Recently as I was searching in decorating for our office I found
Francesca , a Colour Life Coach.
I emailed her and she was so kind to share the following and give me permission to share:
Your practice, The Resilient Center for Grieving Families, is a wonderful gift to the community and I wish you much success. While I cannot know the true extent of your unique dynamics, what I can share with you about my passion is colour does not have to be seen to affect us ~ every cell in the body is light-sensitive giving a response to the vibration of colour. Colour has a transformative power unique to each and every one us.
Further conversation included mention of the Big Brown Placemat! Fascinating and I'm turning more of this decorating over to Steve!
Wow!!!! i LOVE your blog. In fact, I read the posts and saw the wall art you refer to as a 'big brown placemat'. Gosh, what struck me about this piece is how it reminds me of a mandala design, specifically the "Flower of Life" or "Seed of Life". Are you familiar with Mandalas? It's something I teach in module 7- Blue, of my Rainbow Program. How interesting Steve came across this find for you. If I can just mention, looking at your wall art, a flower within a circle (which is what I think I can see), connected to other flowers represents creation of life, it's meaning, in it's purist form. Also, representing cell division and the nature of things as they are. Everything that we see (for those of us who can see) or feel, begins with a point of beginning. The center of the flower has a single point, from which petals form and everything radiates out from the point, the center. The point represents the beginning of the soul seed of life from which all comes forth. This made me think about your remarkable work and vision for the office and environment for people who become part of the journey. Anyway, if you take away the petals, there is a circle that actually surrounds this point of beginning, like yourself, you had to start somewhere. The secret symbol for the Flower of Life is 13 circles. For the Seed of Life, 7 circles form a pattern of lenses, the basic component of the Flower of Life design!To elaborate on mandalas, because I did a great deal of research followed up by interviews with mandala artists from around the world, I thought I'd share with you a little about my findings when researching Mandala artist Lindy Longhurst. She created my logo that I use all throughout my coaching practice. In fact, if your interested in listening to our interview together, it's rather long, I'd be happy to send along the audio file.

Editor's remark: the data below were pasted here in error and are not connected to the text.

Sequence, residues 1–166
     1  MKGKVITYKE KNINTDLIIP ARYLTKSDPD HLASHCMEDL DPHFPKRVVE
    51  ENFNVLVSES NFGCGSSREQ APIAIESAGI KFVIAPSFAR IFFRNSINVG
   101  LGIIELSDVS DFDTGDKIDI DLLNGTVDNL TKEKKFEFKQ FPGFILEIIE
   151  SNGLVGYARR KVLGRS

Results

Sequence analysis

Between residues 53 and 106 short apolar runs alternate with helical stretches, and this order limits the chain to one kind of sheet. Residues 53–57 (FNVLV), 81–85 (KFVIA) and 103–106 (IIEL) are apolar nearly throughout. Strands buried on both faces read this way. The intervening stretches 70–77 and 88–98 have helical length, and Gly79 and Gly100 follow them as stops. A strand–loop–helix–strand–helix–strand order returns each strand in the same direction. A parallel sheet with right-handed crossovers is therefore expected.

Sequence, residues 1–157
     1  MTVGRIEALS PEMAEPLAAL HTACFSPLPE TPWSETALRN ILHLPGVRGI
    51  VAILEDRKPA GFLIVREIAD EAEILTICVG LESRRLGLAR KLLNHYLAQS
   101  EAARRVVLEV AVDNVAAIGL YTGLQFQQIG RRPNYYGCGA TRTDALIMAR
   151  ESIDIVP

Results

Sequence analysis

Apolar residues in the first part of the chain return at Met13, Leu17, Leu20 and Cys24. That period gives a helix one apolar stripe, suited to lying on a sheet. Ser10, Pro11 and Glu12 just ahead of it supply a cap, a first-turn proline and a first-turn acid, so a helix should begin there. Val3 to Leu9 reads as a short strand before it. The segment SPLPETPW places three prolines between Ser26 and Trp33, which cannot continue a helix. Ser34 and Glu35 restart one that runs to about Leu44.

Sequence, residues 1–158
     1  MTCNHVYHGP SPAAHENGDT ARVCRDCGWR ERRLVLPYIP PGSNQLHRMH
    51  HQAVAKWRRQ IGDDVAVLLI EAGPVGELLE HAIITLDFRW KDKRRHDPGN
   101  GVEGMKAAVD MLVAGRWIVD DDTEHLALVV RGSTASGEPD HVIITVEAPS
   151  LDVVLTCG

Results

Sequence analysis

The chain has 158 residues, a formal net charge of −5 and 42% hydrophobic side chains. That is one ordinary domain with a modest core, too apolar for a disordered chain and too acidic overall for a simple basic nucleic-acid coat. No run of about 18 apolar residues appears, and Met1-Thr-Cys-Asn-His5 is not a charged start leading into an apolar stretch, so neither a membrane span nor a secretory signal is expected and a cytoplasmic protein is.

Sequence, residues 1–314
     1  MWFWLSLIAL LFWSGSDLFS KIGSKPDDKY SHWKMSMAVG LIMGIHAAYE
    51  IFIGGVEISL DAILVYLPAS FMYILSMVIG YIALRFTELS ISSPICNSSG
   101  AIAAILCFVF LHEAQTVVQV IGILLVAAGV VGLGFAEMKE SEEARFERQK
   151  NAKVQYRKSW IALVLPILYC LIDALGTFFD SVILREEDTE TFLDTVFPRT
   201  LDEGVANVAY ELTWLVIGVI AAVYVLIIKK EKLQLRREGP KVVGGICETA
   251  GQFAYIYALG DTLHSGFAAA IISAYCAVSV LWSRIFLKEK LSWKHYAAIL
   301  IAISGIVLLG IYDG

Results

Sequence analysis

Who is Lindy Longhurst? Well, Lindy Longhurst is a renowned artist living in Australia.
She began painting and drawing after traveling the world gaining insight and exposure to different cultural and spiritual beliefs. Her personal journey has been and continues to be a reawakening to nature.
Lindy’s mandala art and design themes are heavily influenced and based on a strong connection to the earth. Using natural elements in her work she explores the conscious and subsconscious worlds of dreams and meditation. Her work often expresses the peaceful connection to the earth as well as the possible hidden worlds which are found layered into her mandala creations.
Lindy has completed several series of works based on mandalas and several painted works inspired by images from dreams. Her work can be found exhibited in Australia and Europe and least we forget Lindy has also been published in US and Australian magazines.
She has 3 lines of greeting cards available that are distributed nationally around Australia and Lindy also creates personalized works, welcoming commissions.
Recent commissioned work by Lindy was done to raise money for the Borneo Orangutan Survival Foundation with all proceeds going to the orphan center at Nyaru Mentang.
And finally, Paint-It-Pink mandala art. This project is about incorporating both symbols and the color pink together which represent and support the process of healing and transformation in hopes of a cure for breast cancer.
Lindy says, “Making mandalas is a spontaneous process full of surprise and wonder. It is a natural meditation from which all sorts of symbols, shapes, colours, forms, and themes unravel and combine to provide perfectly integrated and profound stories. Sometimes the themes and elements are well known but often they emerge from somewhere hidden - this combined with the here and now produces little treasures offering insight, joy and wisdom leading to further discovery and inspiration.”
This new insight has me loving my big brown placemat even more.
Tomorrow morning, we will hang a few more pictures in preparation for one of our therapist's presentation in our new conference room on Thursday night. We are creating a teen/children room that will have some fun options. Pictures to follow.